Unravelling the structure of viral replication complexes at super-resolution
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During infection, many RNA viruses produce characteristic inclusion bodies that contain both viral and host components. These structures were first described over a century ago and originally termed “X-bodies,” as their function was not immediately appreciated. Whilst some inclusion bodies may represent cytopathic by-products of viral protein over-accumulation, X-bodies have emerged as virus “factories,” quasi-organelles that coordinate diverse viral infection processes such as replication, protein expression, evasion of host defenses, virion assembly, and intercellular transport. Accordingly, they are now generally referred to as viral replication complexes (VRCs). We previously used confocal fluorescence microscopy to unravel the complex structure of X-bodies produced by Potato virus X (PVX). Here we used 3D-structured illumination (3D-SIM) super-resolution microscopy to map the PVX X-body at a finer scale. We identify a previously unrecognized membrane structure induced by the PVX “triple gene block” (TGB) proteins, providing new insights into the complex interplay between virus and host within the X-body.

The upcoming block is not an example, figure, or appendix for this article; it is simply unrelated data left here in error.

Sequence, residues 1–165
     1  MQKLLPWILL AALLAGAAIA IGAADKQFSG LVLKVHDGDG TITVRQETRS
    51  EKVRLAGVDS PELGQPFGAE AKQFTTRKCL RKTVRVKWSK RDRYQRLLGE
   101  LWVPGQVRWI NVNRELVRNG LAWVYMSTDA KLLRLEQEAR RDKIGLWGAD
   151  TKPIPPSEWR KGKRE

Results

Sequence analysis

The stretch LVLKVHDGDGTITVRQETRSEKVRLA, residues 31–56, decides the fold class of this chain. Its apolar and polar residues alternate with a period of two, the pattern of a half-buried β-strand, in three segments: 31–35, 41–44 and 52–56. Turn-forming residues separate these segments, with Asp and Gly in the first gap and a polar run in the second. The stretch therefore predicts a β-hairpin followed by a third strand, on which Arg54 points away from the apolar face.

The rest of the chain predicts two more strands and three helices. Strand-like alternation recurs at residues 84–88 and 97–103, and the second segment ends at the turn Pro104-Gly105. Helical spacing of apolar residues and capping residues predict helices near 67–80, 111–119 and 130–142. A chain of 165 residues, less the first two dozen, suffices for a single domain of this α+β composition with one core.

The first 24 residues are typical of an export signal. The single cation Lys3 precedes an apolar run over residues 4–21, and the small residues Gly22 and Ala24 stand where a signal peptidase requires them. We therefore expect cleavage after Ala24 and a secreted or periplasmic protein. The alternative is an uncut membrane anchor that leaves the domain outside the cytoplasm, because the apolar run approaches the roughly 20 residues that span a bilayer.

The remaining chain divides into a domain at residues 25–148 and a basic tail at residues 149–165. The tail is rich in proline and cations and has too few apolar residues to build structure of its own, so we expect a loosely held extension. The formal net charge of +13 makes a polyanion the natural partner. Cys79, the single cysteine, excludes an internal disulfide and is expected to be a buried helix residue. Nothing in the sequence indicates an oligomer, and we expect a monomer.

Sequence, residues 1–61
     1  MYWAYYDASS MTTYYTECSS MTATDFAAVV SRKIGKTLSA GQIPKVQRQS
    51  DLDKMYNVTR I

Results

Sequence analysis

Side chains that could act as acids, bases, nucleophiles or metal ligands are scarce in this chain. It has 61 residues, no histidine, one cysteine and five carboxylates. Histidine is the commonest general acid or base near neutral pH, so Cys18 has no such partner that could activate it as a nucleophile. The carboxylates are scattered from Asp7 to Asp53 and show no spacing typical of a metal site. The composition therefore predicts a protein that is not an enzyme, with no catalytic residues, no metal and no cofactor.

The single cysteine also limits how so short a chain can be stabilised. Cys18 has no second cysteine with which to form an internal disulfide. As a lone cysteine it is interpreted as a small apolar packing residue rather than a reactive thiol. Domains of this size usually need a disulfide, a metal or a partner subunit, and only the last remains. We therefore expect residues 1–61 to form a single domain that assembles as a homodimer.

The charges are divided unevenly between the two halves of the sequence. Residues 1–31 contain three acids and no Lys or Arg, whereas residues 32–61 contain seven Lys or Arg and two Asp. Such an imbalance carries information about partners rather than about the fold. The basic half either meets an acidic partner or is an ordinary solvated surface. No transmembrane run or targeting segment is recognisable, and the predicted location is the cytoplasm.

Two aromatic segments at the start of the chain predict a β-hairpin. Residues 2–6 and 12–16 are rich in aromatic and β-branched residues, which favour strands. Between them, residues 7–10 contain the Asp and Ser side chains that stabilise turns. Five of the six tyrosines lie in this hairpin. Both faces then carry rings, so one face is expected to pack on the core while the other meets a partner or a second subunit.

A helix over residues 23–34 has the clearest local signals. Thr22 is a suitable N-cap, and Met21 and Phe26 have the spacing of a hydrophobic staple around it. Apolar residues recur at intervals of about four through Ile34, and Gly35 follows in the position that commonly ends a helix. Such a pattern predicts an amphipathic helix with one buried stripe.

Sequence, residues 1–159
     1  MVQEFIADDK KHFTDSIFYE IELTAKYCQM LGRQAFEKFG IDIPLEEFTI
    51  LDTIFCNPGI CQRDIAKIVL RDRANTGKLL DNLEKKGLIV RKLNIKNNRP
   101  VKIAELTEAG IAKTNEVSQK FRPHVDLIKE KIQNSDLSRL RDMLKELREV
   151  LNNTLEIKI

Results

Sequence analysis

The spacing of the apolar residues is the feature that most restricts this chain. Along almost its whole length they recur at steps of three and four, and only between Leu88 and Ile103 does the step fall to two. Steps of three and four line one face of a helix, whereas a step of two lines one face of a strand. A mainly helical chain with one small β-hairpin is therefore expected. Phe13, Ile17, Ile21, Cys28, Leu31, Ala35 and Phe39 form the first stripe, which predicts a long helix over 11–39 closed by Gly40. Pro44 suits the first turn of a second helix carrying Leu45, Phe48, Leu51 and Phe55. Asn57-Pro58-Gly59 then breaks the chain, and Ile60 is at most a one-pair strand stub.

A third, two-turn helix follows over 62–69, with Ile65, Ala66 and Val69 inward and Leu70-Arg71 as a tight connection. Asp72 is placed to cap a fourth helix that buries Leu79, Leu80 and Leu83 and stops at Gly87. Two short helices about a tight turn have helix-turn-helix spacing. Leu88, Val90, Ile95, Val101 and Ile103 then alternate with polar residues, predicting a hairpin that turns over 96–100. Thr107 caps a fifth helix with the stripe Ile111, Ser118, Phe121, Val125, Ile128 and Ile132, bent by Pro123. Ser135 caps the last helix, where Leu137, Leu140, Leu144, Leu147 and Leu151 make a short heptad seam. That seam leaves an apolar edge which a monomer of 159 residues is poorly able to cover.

Linnik , O , Liesche , J , Tilsner , J & Oparka , K J 2013 , ' Unravelling the structure of viral replication complexes at super-resolution ' Frontiers in Plant Science , vol 4 , 6 . DOI: 10.3389/fpls.2013.00006
Frontiers in Plant Science
© 2013 Linnik, Liesche, Tilsner and Oparka. This is an open-access article distributed under the terms of the Creative Commons Attribution License, which permits use, distribution and reproduction in other forums, provided the original authors and source are credited and subject to any copyright notices concerning any third-party graphics etc.
This work was supported by Biotechnology and Biomedical Sciences Research Council grant BB/H018719/1
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